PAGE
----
5 of U.S. News & World Report’s 20 best jobs are nurses

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What is a certified registered nurse anesthetist?

One is also No. 9 overall on the list of best paying jobs

A lot has been written lately about how many nurses might leave their profession. Between critical staff shortages and the ongoing pandemic, few people would blame you.

Before you decide to change careers, however, check out U.S. News & World Report’s list of best jobs for 2022. Five of the top 20 jobs on the list are nurses or can be done by a nurse.

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“Careers are subjective. Creating high-profile marketing campaigns for hot products sounds like a perfect job to some people, while others dream of delivering healthy babies to excited new parents,” U.S. News staff wrote. “Yet some career qualities are desired fairly universally. Workers tend to prefer higher salaries, ample open positions and opportunities for promotion.”

To identify professions for its 2022 rankings, the news organization started with jobs that have the largest projected number and percentage of openings from 2020 to 2030, as determined by the U.S. Bureau of Labor Statistics. The full methodology can be read here.

Here are the five nursing jobs that made the top 20:

Nurse practitioner

  • Projected jobs: 114,900
  • Median salary: $111,680
  • Education needed: master’s degree

The No. 2 job overall, nurse practitioners are registered nurses with additional education. They take patient histories, perform physical exams, order labs, analyze lab results, prescribe medicines, authorize treatments and educate patients and families on continued care.

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Physician assistant

  • Projected jobs: 40,100
  • Median salary: $115,390
  • Education needed: master’s degree

No. 3 overall, physician assistants diagnose illnesses, develop and carry out treatment plans, assist in surgeries, perform procedures and guide patients. Their work is very similar to that of a general internist or doctor, but in most states, PAs must collaborate with a licensed physician or surgeon to practice. Although the bridge from registered nurse to PA is uncommon, it’s not unheard of.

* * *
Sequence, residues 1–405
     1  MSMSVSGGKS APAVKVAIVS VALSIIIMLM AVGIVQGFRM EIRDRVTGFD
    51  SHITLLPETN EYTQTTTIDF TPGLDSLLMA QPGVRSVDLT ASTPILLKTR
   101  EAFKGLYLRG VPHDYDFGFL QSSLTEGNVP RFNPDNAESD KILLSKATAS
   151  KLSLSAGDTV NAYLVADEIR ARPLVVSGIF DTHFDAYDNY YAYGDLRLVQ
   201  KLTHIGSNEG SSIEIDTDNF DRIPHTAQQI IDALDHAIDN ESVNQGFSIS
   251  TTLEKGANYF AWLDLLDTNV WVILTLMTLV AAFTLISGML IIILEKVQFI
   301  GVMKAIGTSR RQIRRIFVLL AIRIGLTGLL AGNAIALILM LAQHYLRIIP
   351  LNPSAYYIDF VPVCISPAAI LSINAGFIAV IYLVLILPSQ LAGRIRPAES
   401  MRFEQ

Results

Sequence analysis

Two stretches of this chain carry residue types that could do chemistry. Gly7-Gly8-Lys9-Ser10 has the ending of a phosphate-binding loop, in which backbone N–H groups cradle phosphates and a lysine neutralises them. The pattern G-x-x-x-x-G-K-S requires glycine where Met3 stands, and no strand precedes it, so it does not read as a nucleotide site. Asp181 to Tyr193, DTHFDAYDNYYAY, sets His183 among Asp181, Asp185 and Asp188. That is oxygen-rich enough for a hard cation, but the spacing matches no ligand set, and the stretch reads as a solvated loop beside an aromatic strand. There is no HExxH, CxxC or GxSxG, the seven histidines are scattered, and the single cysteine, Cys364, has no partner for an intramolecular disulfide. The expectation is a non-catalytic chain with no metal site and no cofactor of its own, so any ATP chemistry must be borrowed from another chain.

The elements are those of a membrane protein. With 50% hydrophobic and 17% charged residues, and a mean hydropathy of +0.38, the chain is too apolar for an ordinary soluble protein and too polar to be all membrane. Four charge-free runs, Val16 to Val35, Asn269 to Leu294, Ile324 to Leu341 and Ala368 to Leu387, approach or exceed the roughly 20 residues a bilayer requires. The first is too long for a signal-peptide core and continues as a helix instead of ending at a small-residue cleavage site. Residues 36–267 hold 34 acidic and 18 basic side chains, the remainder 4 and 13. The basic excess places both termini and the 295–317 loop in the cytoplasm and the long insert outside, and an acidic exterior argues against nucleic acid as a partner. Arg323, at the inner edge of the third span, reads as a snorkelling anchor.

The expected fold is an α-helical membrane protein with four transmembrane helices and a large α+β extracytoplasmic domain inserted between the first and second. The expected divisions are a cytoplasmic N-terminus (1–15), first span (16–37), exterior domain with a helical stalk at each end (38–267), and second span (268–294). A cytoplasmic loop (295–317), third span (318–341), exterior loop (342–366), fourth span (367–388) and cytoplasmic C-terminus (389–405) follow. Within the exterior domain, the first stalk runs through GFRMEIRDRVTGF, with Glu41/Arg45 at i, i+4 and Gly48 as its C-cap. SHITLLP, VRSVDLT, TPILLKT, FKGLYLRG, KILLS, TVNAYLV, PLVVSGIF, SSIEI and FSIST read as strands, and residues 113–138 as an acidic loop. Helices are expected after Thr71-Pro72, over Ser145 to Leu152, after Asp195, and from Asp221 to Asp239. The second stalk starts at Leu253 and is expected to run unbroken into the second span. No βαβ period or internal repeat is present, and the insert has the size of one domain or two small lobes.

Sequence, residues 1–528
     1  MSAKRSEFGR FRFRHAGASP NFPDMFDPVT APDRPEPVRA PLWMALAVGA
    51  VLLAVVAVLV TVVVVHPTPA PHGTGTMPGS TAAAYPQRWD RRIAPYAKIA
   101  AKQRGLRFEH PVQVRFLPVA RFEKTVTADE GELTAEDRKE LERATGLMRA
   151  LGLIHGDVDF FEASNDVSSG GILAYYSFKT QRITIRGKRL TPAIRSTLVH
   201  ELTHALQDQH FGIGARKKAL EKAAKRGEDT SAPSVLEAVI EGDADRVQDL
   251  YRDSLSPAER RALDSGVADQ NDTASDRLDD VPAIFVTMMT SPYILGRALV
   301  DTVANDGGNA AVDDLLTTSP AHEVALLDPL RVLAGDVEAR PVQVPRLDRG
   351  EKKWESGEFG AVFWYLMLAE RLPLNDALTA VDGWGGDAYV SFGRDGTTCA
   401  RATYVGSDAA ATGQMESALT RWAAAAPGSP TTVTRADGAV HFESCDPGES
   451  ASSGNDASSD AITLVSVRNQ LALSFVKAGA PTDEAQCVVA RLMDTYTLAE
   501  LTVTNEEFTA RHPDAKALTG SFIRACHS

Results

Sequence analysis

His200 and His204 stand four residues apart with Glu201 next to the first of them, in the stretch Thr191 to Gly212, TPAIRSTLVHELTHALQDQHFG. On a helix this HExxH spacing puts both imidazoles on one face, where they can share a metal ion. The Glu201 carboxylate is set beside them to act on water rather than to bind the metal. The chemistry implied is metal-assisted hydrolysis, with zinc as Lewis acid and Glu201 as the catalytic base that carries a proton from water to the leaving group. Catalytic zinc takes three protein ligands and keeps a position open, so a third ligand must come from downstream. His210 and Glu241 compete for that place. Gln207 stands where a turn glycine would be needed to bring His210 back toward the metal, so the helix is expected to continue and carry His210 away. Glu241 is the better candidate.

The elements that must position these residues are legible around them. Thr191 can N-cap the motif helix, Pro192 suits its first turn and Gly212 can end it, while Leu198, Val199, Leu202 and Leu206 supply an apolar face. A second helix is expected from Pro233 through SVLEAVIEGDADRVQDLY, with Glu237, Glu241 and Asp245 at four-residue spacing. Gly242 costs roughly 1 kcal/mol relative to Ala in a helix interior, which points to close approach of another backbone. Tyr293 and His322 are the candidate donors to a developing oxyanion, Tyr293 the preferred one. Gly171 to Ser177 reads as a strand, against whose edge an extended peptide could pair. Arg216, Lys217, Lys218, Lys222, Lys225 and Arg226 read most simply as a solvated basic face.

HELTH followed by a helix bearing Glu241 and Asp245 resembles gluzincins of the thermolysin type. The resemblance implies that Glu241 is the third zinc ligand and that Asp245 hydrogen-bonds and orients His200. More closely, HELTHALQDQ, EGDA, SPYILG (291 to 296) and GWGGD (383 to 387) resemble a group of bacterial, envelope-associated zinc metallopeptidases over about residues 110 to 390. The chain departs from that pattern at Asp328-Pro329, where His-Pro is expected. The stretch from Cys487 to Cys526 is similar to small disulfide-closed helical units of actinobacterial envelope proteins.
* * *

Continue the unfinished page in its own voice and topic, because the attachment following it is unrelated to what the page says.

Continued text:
Medical and health services manager

  • Projected jobs: 139,600
  • Median salary: $104,280
  • Education needed: bachelor’s degree

No. 4 overall on the list, medical and health services managers are the planners, directors and coordinators who work behind the scenes to keep hospitals, nursing homes, group practices and other health care facilities running efficiently. In short, they are super-organized professionals. Although a nursing degree isn’t required, this could be a good pivot for anyone looking to get away from the bedside but stay in health care.

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Registered nurse

  • Projected jobs: 276,800
  • Median salary: $75,330
  • Education needed: bachelor’s degree

The No. 12 best job overall, registered nurses are responsible for monitoring a patient’s condition, performing medical procedures and administering medicine. They also chart a patient’s progress. RNs work with those who are healthy, those who are pregnant and bringing new life, and those who are nearing the end of life and hoping for a peaceful death.

Nurse anesthetist

  • Projected jobs: 5,600
  • Median salary: $183,580
  • Education needed: master’s degree

Although it’s No.19 overall, this the No. 9 best paying job. The difference between a nurse anesthetist and an anesthesiologist is education. Nurse anesthetists are registered nurses who specialize in anesthesiology with at least one year of critical care experience and a master’s degree. Anesthesiologists are physicians, and their education track includes four years of medical school, a one-year internship, three-year residency and sometimes an additional one- to two-year fellowship.

“Both anesthesia specialists use the same techniques and procedures to safely deliver the same types of anesthetic drugs for every type of procedure that requires the patient to receive anesthesia,” Frank Gerbasi, a certified registered nurse anesthetist and executive director of the Council on Accreditation of Nurse Anesthesia Educational Programs, told U.S. News.

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